A.7.2 Functionings and Capabilities
A.7.2 Functionings and Capabilities
The critique in Sen (1980) of welfarism and utilitarianism, on the one hand, and of the Rawlsian approach, on the other, was coupled with arguments for using an alternative informational perspective: the space of ‘functionings’, the various things a person may value doing (or being). The valued functionings may vary from such elementary ones as being adequately nourished and being free from avoidable disease, to very complex activities or personal states, such as being able to take part in the life of the community and having self‐respect.133
The focus of this ‘capability approach’ could be either on the (p.200) realized functionings (what a person is actually able to do) or on the set of alternatives she has (her real opportunities). A simple representation may be helpful. If the extent of each functioning enjoyed by a person can be represented by a real number, then a person's actual achievement is given by a functioning vector in an n‐dimensional space of n functionings (presuming finiteness of distinct functionings).134 The set of alternative functioning vectors available to her for choice is called her capability set. Diagram A7.1 illustrates a two‐dimensional functioning space, with the capability set of a person being given by the shaded region K, and from this capability set, the person chooses one functioning vector x (though this need not necessarily be unique). It may be useful to think of choice in this space in terms of an indifference map of valued living, defined over the functioning vectors, and x can then be seen as belonging to the highest reachable indifference curve (as shown).135
The ‘capability approach’ can be used either with a focus on what options a person has—given by the capability set—or by the actual functioning combination she chooses—given by the chosen functioning vector. In the former procedure, what may be called the ‘options application’, the focus can be on the entire set K, whereas in the latter—the ‘choice application’—the concentration is more narrowly on x. The options application is directly concerned with the freedom to choose over various (p.201) alternatives, whereas the choice application is involved with the results actually chosen. Both the versions of the capability approach have been used in the literature, and sometimes they have been combined.136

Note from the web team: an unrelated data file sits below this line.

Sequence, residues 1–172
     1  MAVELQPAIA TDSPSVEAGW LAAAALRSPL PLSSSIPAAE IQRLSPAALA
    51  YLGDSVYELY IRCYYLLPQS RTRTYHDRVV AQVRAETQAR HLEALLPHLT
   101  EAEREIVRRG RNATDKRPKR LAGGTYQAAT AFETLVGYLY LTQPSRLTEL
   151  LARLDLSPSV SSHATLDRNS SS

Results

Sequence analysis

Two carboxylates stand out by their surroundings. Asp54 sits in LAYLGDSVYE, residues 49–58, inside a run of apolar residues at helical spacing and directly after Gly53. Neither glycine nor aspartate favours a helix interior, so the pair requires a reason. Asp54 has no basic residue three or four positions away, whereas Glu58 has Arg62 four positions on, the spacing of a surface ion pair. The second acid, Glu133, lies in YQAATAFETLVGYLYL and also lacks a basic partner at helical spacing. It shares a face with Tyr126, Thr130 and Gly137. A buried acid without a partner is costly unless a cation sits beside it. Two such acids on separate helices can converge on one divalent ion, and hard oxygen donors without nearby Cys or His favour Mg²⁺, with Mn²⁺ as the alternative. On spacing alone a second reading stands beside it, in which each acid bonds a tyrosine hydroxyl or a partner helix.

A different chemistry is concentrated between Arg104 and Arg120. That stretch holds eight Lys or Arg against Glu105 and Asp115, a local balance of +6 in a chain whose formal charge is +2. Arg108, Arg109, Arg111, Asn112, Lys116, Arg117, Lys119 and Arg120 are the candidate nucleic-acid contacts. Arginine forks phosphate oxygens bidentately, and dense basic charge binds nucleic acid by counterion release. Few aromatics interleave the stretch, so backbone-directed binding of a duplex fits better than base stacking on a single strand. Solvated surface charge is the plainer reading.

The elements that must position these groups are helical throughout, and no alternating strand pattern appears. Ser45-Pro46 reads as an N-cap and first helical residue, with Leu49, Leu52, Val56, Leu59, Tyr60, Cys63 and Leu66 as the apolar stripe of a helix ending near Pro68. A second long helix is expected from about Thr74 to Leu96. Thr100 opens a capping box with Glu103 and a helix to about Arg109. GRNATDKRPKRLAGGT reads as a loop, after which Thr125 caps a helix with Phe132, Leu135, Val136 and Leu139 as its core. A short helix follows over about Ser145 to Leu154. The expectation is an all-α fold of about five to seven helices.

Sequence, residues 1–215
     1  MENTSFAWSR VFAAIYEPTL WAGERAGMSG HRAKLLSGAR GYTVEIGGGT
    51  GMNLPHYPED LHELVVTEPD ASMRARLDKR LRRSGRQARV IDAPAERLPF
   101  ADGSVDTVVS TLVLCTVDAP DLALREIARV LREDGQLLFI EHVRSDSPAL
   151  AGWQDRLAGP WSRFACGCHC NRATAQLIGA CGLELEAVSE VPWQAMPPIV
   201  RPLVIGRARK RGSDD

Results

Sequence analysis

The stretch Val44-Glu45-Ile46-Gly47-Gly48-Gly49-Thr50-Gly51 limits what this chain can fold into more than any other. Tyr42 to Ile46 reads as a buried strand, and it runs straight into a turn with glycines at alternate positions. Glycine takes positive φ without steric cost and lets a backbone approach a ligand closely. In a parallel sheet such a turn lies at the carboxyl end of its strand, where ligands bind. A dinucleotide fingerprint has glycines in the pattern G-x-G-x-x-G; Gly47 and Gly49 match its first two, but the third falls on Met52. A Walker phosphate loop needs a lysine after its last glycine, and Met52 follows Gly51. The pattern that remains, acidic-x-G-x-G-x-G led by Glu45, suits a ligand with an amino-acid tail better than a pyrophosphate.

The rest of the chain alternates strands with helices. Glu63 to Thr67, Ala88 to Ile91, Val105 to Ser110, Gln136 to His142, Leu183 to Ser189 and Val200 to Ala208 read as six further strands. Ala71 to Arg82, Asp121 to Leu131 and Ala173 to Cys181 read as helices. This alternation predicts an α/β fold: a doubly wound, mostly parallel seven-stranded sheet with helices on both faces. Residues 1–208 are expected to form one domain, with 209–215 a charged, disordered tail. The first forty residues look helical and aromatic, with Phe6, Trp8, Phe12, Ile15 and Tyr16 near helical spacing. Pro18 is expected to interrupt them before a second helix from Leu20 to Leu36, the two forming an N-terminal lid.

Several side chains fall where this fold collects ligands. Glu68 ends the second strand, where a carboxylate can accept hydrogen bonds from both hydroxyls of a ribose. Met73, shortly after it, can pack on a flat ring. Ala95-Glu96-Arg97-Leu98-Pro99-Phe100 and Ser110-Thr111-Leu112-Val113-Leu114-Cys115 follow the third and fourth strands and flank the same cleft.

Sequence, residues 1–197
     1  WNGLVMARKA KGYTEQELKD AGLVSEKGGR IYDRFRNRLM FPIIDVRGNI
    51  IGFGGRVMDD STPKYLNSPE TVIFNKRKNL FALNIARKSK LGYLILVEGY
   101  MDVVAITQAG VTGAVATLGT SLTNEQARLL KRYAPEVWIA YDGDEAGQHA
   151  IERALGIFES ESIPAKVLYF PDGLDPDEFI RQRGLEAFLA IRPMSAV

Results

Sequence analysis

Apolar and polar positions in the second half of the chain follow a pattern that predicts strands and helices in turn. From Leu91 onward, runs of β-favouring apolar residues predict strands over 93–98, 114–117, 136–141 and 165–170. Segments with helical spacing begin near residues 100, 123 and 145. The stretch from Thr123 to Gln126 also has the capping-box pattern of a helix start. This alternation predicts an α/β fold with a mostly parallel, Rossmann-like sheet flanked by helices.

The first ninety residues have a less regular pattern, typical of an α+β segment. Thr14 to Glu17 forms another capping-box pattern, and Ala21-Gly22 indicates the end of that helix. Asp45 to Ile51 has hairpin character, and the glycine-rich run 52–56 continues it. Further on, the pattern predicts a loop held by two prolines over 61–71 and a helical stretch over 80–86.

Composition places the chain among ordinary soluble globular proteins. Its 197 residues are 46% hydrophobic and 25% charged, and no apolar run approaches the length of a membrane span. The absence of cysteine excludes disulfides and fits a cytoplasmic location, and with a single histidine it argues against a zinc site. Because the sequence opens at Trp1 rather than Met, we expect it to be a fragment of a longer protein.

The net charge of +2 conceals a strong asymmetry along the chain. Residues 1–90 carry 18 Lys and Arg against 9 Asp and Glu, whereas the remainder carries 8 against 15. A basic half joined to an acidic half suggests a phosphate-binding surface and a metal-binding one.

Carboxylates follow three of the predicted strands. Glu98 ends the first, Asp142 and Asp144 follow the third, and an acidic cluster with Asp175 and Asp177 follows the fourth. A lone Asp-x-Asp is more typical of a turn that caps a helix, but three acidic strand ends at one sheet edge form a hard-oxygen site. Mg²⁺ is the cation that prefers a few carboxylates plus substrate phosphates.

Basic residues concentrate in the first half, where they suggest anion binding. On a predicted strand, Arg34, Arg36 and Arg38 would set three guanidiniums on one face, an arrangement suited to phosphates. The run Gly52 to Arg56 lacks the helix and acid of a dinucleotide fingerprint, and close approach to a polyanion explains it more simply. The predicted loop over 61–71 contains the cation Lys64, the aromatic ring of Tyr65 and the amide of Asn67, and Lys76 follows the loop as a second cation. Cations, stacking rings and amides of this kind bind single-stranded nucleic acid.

How distant are the two applications? They do share a common ‘space’—that of functionings—in contrast with, say, the utility space, or the space of Rawlsian ‘primary goods’. But they can make quite different uses of this shared space. How significant is the contrast? Much would depend on the nature of the valuation procedure used, in the options application, to assess the value of the ‘capability set’. A well‐established tradition in economics suggests that the real value of a set of (p.202) options lies in the best use that can be made of them, and—given maximizing behaviour and the absence of uncertainty—the use that is actually made. The valuation of the opportunity, then, lies in the value of one element of it (to wit, the best option or the actually chosen option); this approach is called ‘elementary evaluation’ of the capability set.137 In this case, the focusing on chosen functioning vector coincides with concentration on the capability set. With this type of elementary evaluation, the two uses of the capability approach share not only the identification of a relevant space (that of functionings), but also the ‘focal variable’ in that space (the chosen functioning vector).138
On the other hand, the options application can be used in other ways as well, since the value of a set need not invariably be identified with the value of the best—or the chosen—element of it. Importance can also be attached to having opportunities that are not taken up. This is a natural direction to go if the process through which outcomes are generated is of a significance of its own. Indeed, ‘choosing’ itself can be seen as a valuable functioning, and having an x when there is no alternative may be sensibly distinguished from choosing x when substantial alternatives exist.139
An alternative line of reasoning on the importance of opportunities suggests that the valuation be done not in terms of only one (‘given’) preference ordering (over functioning vectors), even if it is the one that the person opts for—possibly ‘on balance’—to determine what is maximal in the available set. Rather, the valuation can be done by using a set of plausible preference orderings (preferences a person could have quite reasonably had), and this would give importance to having other opportunities even when the maximal alternative (p.203) (according to the ‘given’ preference ordering), or the chosen option, is the same.140